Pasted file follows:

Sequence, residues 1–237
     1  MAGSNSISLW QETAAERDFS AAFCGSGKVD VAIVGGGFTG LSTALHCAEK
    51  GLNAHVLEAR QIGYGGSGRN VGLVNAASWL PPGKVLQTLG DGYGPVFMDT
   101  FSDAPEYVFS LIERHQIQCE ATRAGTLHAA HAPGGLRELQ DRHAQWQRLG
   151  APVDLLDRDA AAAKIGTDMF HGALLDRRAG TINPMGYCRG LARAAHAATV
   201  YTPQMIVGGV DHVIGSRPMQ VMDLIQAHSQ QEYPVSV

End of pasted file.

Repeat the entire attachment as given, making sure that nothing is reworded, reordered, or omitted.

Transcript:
Sequence, residues 1–237
     1  MAGSNSISLW QETAAERDFS AAFCGSGKVD VAIVGGGFTG LSTALHCAEK
    51  GLNAHVLEAR QIGYGGSGRN VGLVNAASWL PPGKVLQTLG DGYGPVFMDT
   101  FSDAPEYVFS LIERHQIQCE ATRAGTLHAA HAPGGLRELQ DRHAQWQRLG
   151  APVDLLDRDA AAAKIGTDMF HGALLDRRAG TINPMGYCRG LARAAHAATV
   201  YTPQMIVGGV DHVIGSRPMQ VMDLIQAHSQ QEYPVSV